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The Son of Seven Queens




Page: 3/7

Hindu Books > Stories > Indian Fairy Tales > The Son of Seven Queens

Page 3

As he grew older he enlarged the hole, and slipped out two or three times every day to play with the little nobles in, the town. No one knew who the tiny boy was, but everybody liked him, and he was so full of funny tricks and antics, so merry and bright, that he was sure to be rewarded by some girdle-cakes, a handful of parched grain, or some sweetmeats. All these things he brought home to his seven mothers, as he loved to call the seven blind Queens, who by his help lived on in their dungeon when all the world thought they had starved to death ages before.

At last, when he was quite a big lad, he one day took his bow and arrow, and went out to seek for game. Coming by chance past the palace where the white hind lived in wicked splendour and magnificence, he saw some pigeons fluttering round the white marble turrets, and, taking good aim, shot one dead. It came tumbling past the very window where the white Queen was sitting; she rose to see what was the matter, and looked out. At the first glance of the handsome young lad standing there bow in hand, she knew by witchcraft that it was the King's son.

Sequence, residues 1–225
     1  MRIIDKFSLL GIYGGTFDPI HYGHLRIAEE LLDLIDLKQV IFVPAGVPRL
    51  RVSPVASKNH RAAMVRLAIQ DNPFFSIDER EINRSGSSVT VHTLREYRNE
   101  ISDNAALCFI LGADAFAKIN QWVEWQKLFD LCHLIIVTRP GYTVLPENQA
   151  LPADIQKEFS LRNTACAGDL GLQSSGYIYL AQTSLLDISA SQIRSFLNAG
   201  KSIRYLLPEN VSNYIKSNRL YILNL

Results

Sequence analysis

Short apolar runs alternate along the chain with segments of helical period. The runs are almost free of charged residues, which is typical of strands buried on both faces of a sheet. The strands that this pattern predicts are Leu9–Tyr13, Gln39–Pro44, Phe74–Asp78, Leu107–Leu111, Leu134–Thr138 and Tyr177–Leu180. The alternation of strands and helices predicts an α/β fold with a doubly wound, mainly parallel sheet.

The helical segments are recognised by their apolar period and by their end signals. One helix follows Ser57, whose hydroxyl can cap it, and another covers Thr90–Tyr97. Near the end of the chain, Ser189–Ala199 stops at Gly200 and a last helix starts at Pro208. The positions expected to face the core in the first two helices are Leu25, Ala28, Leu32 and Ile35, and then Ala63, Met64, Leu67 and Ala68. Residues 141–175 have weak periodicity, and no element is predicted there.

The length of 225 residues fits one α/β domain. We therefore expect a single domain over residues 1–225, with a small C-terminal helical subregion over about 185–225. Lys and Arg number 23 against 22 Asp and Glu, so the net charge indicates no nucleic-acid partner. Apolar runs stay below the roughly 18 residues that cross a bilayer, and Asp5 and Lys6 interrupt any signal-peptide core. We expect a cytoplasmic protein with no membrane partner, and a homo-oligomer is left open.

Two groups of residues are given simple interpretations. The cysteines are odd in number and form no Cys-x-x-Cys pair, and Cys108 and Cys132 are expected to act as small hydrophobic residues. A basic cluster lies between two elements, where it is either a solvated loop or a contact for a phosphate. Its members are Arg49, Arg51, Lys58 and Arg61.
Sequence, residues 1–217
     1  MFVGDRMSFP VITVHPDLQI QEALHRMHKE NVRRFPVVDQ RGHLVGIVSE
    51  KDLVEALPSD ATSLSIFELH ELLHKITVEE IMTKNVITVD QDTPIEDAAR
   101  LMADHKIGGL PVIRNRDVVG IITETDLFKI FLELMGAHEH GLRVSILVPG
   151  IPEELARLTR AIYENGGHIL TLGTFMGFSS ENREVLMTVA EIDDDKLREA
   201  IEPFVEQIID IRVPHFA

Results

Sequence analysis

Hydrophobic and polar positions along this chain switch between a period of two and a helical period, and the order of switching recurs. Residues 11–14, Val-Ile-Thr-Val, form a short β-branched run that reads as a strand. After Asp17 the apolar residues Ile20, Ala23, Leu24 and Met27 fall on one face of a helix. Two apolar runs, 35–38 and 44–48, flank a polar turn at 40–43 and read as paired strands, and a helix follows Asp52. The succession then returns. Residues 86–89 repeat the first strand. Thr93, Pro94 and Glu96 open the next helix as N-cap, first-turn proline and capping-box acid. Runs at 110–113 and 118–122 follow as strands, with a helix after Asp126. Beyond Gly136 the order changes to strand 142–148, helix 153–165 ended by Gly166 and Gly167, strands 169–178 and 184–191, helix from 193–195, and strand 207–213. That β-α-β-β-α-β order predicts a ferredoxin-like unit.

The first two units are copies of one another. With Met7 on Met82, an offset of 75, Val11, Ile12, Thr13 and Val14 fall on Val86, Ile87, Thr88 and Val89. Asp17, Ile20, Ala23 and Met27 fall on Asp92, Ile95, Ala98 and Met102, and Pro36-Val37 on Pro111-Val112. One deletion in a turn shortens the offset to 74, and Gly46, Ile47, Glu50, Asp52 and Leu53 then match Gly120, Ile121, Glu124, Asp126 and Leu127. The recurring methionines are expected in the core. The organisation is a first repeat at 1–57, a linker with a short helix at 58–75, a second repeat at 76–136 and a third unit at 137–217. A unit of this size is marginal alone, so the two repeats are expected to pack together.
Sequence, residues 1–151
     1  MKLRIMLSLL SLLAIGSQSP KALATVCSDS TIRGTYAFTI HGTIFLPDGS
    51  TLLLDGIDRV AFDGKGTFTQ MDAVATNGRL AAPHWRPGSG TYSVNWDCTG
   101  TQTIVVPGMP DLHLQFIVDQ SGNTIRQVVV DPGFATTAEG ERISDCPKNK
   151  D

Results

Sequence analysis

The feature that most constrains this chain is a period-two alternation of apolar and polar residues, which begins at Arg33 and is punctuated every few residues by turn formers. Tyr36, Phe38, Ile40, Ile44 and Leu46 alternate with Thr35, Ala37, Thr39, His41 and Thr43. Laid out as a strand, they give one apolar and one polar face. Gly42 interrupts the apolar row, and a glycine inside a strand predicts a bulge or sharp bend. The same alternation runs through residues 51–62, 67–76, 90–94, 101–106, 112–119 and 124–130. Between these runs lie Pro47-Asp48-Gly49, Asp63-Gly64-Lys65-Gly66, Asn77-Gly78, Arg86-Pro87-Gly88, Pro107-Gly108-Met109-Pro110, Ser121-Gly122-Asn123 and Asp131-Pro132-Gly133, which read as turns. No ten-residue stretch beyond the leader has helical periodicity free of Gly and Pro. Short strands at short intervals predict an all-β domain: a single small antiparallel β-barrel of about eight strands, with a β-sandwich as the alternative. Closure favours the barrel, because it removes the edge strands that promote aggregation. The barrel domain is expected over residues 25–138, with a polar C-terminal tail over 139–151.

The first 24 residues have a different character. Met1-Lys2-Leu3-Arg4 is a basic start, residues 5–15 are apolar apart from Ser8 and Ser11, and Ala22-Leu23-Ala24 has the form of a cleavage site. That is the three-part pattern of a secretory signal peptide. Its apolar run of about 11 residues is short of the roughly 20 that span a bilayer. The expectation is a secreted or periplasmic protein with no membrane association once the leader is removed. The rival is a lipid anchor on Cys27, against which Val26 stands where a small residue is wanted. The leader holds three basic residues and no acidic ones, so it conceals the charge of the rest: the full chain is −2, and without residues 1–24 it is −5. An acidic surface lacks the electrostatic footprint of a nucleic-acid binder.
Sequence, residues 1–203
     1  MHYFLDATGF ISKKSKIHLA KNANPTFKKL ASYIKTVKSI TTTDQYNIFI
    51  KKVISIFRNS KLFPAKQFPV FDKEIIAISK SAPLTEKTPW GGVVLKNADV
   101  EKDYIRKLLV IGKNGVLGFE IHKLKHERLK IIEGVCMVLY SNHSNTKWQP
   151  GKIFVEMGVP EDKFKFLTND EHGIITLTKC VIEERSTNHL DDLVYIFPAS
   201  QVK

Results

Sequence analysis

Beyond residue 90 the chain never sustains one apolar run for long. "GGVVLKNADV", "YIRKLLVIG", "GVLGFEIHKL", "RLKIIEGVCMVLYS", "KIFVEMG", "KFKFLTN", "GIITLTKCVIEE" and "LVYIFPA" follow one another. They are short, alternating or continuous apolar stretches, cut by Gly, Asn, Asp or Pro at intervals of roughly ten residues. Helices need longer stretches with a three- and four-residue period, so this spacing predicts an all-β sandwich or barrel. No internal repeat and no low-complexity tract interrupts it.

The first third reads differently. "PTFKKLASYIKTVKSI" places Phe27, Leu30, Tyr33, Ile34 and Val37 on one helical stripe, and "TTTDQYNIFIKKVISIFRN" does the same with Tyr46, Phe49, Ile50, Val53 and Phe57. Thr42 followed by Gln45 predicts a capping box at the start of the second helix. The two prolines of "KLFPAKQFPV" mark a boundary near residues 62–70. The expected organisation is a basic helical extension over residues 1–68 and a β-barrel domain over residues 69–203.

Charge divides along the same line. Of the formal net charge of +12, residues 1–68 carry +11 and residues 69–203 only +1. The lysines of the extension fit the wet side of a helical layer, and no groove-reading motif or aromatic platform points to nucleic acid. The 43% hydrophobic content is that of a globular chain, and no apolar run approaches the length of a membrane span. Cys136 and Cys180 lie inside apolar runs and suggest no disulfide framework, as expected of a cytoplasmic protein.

She nearly died of envy and spite, determining to destroy the lad without delay; therefore, sending a servant to bring him to her presence, she asked him if he would sell her the pigeon he had just shot.

"No," replied the sturdy lad, "the pigeon is for my seven blind mothers, who live in the noisome dungeon, and who would die if I did not bring them food."

"Poor souls!" cried the cunning white witch; "would you not like to bring them their eyes again? Give me the pigeon, my dear, and I faithfully promise to show you where to find them."

Hearing this, the lad was delighted beyond measure, and gave up the pigeon at once. Whereupon the white Queen told him to seek her mother without delay, and ask for the eyes which she wore as a necklace.

"She will not fail to give them," said the cruel Queen, "if you show her this token on which I have written what I want done."

So saying, she gave the lad a piece of broken potsherd, with these words inscribed on it--" Kill the bearer at once, and sprinkle his blood like water!"

Now, as the son of seven Queens could not read, he took the fatal message cheerfully, and set off to find the white Queen's mother.




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